Thursday, May 31, 2012

Capital Budgeting Part 3: The Payback Period Rule


In Part 2, I discussed the net present value (NPV) rule for capital budgeting. While this method is the most fundamentally sound and most widely used capital budgeting decision criteria available, there's another rule that smaller businesses favor more because it's simpler to use and understand: the payback period rule.

The concept is probably not new to you, although like some people I know you might have mistakenly referred to it as "return on investment," which is a different thing altogether. The payback period rule asks a simple question: how soon will you be able to recover your investment? If the answer is "soon enough," then invest in the project or buy the asset in question; if not, then don't.

For example, if you estimate that a particular project, which costs 4 million pesos, will generate after-tax cash flows of 1 million per year in the next five years, then its payback period--the number of years it will take to recover your initial investment--is four years. That in itself does not lead to a decision; you would have to ask yourself whether, for whatever reason, that payback period is acceptable to you.

It's easy to see why small businesses and many individuals prefer using this method over the NPV rule. First, it's easier to use since there is no need to estimate the cost of capital (the discount rate used to get the present value of cash flows) and it involves infinitely less complicated computations. And second, it just seems to make sense that the shorter the payback period, the more "liquid"--and thus more attractive--the project is.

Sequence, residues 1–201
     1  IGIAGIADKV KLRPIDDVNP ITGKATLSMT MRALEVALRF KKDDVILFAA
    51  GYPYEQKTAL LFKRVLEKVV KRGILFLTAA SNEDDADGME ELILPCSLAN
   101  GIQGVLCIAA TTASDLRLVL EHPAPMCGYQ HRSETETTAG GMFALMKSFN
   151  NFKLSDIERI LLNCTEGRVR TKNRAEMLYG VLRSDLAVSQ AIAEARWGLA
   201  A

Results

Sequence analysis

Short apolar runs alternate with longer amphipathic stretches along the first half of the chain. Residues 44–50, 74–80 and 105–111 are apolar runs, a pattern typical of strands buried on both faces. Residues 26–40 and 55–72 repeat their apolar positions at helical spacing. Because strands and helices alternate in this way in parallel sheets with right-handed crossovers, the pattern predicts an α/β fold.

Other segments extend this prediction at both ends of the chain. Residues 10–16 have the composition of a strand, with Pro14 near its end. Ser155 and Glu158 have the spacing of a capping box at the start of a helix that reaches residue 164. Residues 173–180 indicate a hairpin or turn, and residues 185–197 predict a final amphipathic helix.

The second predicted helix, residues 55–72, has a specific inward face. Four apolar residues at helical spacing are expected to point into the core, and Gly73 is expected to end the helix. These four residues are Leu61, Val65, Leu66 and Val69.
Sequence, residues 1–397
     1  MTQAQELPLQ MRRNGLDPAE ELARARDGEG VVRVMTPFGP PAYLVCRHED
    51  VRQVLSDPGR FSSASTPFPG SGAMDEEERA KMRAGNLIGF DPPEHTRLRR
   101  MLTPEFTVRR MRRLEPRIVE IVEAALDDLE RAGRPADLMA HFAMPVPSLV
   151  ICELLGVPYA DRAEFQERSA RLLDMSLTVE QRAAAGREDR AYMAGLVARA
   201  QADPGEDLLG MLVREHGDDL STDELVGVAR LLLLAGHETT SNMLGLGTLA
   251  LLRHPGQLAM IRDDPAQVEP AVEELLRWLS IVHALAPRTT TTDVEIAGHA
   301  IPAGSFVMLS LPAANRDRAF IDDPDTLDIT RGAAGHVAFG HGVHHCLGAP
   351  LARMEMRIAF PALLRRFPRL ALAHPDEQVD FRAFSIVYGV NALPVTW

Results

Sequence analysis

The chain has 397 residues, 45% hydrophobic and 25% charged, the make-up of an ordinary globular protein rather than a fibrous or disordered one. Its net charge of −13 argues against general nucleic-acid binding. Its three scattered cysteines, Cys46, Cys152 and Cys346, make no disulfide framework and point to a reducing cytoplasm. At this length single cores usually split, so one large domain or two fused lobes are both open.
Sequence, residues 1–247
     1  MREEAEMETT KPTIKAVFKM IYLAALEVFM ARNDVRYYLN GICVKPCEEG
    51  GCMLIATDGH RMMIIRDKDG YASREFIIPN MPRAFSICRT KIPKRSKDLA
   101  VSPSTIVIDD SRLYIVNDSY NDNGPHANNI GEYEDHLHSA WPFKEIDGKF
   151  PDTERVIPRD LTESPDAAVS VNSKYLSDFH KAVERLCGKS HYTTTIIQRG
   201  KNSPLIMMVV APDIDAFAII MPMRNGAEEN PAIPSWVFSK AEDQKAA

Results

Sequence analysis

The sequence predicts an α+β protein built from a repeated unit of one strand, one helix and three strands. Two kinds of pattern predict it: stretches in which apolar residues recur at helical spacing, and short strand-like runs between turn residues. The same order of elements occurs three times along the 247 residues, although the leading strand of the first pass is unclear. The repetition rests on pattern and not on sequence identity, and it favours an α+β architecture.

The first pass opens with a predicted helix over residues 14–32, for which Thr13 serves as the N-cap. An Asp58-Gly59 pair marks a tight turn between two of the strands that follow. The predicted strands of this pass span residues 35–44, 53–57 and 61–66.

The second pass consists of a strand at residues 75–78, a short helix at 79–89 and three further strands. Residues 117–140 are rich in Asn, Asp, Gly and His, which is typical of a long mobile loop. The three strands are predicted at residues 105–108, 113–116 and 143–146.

Unfortunately, like my favorite toy line there's more than meets the eye to the payback period rule--there is a reason why bigger and more sophisticated financial managers use NPV instead. First, unlike NPV, the payback period rule does not consider the riskiness of cash flows and the time value of money. Second, the payback period rule ignores cash flows beyond the payback period (such as the last million in year five of the example). These limitations are crucial because they could lead to the acceptance of negative-NPV or value-losing projects, and vice versa.

Therefore, despite its simplicity, the payback period rule should not be used as a stand-alone capital budgeting criteria. At most, use this method only to roughly gauge the attractiveness of investment prospects, before the cost of capital can be estimated and used for NPV analysis.

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